That won’t change this week against the Texans and that will mean a lot of trouble if the Bills can’t get some production out of their backs.

So what’s the damage?

I’m almost tempted to predict a loss in every game for two reasons: 1.) the Bills are not good and 2.) they have defied me twice already with wins against the Vikings and Titans. I don’t think the reverse jinx will work much more often because this team is as one-dimensional as it gets and that will cost them a lot of games.

On the other side of the coin, no one is sure if the Texans are actually good. They have talent. They have a strong defense. But they’ve struggled to put it together through 5 weeks, though their last couple of outings have looked far better than the beginning of the season.

Prediction: Texans 20, Bills 9

Buffalo Bills Come Out On Top In Field Goal Fest

It wasn’t pretty. But let’s be fair: other than Josh Allen’s leap heard ’round the world, nothing about the 2018 season has been pretty for the Buffalo Bills. But a win is a win and we will all definitely take it over the alternative.

Buffalo Bills quarterback Josh Allen, center, takes the field with teammates to workout prior to an NFL football game against the Tennessee Titans, Sunday, Oct. 7, 2018, in Orchard Park, N.Y. (AP Photo/Jeffrey T. Barnes)

Neither team did much offensively. Allen threw for just 82 yards and an interception, though he did somewhat make up for it with a highlight-reel touchdown run. Somehow, LeSean McCoy putting up 85 yards on an average of 3.5 yards per carry was seen as a positive. But when that total matches what you’ve done all year, I suppose that is something of a positive. But when your leading receiver has just 23 yards on the day (also McCoy), it’s hard to say much else good about the offensive performance of the day.

credit: pro football focus

Thankfully, the Bills defense came to play and the Titans didn’t look much better. Turnovers made the day for the Bills, coming away with an interception and a pair of fumble recoveries to give the Bills enough to hold on for the 13-12 win. Marcus Mariota has been decidedly average for the Titans this season and continued to look the same on Sunday, completing slightly better than 50% of his passes for 129 yards and an interception.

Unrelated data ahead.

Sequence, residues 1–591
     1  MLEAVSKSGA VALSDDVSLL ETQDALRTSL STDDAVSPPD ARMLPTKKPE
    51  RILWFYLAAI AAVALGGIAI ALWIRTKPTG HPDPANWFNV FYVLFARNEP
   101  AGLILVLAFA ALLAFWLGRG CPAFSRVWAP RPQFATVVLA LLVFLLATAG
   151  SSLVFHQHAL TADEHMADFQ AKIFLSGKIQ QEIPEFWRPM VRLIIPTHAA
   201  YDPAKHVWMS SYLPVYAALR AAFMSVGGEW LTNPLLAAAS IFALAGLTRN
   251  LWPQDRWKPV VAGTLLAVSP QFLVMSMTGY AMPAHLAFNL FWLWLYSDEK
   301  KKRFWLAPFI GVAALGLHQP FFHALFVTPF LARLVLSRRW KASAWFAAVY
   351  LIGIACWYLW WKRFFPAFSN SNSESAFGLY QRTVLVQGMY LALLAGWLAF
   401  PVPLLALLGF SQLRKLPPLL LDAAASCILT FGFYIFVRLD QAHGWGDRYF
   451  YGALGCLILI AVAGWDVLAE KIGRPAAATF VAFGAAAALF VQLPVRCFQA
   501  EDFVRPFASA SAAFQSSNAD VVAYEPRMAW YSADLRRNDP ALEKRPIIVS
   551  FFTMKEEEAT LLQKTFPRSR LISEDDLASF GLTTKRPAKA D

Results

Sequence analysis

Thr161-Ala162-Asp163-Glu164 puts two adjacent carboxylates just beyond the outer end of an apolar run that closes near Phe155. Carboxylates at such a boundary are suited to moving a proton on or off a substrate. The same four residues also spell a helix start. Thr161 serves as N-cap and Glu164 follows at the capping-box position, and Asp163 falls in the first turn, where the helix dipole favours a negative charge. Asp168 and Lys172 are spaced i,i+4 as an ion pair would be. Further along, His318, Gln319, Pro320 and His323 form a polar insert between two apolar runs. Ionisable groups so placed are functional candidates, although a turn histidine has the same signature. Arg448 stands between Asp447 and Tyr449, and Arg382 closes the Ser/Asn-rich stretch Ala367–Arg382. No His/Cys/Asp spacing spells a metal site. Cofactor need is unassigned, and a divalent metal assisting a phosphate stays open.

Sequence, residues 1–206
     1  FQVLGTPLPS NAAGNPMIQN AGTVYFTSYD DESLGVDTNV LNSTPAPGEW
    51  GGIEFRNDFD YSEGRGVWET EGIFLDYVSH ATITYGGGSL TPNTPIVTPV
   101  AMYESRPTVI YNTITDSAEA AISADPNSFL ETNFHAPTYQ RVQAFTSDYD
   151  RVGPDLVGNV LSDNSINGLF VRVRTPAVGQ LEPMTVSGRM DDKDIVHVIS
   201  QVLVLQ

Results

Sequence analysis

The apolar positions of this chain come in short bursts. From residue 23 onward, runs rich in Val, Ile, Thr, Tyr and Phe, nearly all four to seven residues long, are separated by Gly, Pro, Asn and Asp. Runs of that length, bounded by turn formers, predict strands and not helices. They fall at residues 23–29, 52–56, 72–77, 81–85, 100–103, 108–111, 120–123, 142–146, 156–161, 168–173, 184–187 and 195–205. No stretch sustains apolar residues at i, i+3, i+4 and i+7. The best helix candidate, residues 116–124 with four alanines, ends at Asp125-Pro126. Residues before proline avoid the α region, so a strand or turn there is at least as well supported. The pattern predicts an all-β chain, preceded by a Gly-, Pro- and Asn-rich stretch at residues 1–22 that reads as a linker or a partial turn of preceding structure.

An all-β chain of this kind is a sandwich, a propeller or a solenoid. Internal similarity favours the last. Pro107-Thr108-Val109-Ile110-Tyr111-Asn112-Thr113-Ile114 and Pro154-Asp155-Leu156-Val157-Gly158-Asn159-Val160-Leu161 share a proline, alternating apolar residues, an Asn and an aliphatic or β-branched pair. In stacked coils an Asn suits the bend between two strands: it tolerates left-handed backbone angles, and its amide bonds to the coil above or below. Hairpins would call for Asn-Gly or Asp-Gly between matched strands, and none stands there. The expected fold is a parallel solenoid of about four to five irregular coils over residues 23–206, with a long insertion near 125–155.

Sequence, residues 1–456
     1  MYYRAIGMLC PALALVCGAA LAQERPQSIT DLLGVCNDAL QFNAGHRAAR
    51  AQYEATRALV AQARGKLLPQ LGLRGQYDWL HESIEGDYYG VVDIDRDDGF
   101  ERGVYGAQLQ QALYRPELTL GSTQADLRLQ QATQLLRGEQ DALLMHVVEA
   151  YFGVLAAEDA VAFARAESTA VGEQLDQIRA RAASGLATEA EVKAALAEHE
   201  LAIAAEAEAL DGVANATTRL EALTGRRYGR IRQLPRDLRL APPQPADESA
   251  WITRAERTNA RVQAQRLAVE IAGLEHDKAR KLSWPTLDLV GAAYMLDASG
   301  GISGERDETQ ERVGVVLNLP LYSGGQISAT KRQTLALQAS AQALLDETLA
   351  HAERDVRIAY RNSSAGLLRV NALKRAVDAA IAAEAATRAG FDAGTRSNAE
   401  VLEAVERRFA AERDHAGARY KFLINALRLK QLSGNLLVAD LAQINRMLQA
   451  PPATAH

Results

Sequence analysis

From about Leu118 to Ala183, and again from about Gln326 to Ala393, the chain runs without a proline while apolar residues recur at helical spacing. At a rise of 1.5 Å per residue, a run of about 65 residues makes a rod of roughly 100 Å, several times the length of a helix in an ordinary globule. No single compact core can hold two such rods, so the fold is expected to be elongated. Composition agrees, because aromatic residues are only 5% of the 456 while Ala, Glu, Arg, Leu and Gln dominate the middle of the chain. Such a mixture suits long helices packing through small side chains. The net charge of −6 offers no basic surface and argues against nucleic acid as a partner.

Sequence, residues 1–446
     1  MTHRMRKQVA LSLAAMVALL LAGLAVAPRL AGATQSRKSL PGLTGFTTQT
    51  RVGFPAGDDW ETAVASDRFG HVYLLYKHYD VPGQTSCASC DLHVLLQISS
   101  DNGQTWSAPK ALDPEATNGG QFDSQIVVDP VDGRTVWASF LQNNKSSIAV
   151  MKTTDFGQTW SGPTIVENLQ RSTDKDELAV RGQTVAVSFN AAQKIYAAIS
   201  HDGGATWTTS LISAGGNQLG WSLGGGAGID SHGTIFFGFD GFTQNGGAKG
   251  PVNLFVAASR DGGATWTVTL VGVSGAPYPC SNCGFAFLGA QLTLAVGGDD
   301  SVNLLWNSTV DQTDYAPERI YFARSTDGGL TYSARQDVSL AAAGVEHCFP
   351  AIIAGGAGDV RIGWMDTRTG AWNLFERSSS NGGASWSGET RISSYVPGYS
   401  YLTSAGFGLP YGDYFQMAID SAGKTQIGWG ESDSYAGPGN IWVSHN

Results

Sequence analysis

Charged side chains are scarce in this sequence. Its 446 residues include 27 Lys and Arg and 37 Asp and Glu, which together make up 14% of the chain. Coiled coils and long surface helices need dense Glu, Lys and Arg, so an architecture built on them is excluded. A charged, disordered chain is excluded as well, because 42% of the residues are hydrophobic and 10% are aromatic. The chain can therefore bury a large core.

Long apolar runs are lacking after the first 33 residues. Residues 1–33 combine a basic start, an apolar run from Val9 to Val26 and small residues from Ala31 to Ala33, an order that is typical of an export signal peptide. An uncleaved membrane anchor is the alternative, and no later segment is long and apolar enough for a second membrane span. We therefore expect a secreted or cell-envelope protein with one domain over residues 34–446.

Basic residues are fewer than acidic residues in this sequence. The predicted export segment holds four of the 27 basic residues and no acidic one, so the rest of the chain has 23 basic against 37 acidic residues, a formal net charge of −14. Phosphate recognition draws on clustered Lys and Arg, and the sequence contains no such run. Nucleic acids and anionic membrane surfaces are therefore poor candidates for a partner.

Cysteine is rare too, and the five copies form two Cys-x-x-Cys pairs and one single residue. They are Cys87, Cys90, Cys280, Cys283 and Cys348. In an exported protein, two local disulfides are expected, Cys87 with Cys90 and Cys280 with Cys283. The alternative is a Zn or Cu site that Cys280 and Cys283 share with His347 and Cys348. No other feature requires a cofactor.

The Bills are a terribly transparent and one-dimensional team: when the defense shows up, they’ll be at least within shouting distance and can occasionally walk away with a win as they’ve done against Tennessee and Minnesota. This defense is good and will likely only get better in the offseason in a defense-heavy draft that could see them make a huge impact addition on the defensive line. A look ahead at their schedule shows that only two meetings with the Patriots as obvious games where the defense will likely get burned. The rest they should be able to keep the team in the game for a while.

As for the offense, it’s the same old story: patience. Allen was only sacked once and continues to show the ability to avoid pressure and extend the play. Still, the lack of talent at wide receiver is glaring. Zay Jones might be the best receiver on the team right now and, with no disrespect to him, that should speak volumes about the current state of the receiving corps. Allen continues to have his ups and downs, as a rookie quarterback in an offense this bad will, but he continues to show promise and that’s encouraging.

The early preview is somewhat favorable for the Bills for week 6. They certainly won’t be favorites, but facing a Texans team that has struggled mightily this season is just what is needed to continue building on the momentum of Sunday’s win. If they can even gain the moral victory with a close game, it will be a good building block before things get burnt to cinders with back-to-back games against the Patriots and Bears.

It was ugly as hell, but take the little bit of good that comes, Bills fans.

Buffalo Bills Too Early NFL Draft Look Ahead

I know, I know. We’re only through week 4, how can anyone possibly be looking towards the draft? Try being a Buffalo Bills fan for one week and you’ll understand pretty well.

After back-to-back beat downs at the hands of the Baltimore Ravens and Los Angeles Chargers , the Bills showed life with an impressive win in Minnesota in week 3 before regressing into nothingness against the Packers. Josh Allen has shown flashes of brilliance, but it’s way too early to know if the Bills have finally found their guy at quarterback. The defense showed signs of life, too. Past that, there isn’t much. So let’s look ahead to April where the Bills will almost certainly have a pick in the top three of the NFL Draft.

What do the Bills need going in? Try just about everything. They have immediate glaring issues on the offensive line, at wide receiver, tight end and running back. They have coming issues on the defensive line with Kyle Williams near retirement and Star Lotulelei isn’t much more than a stopgap. So what are the options for the Bills?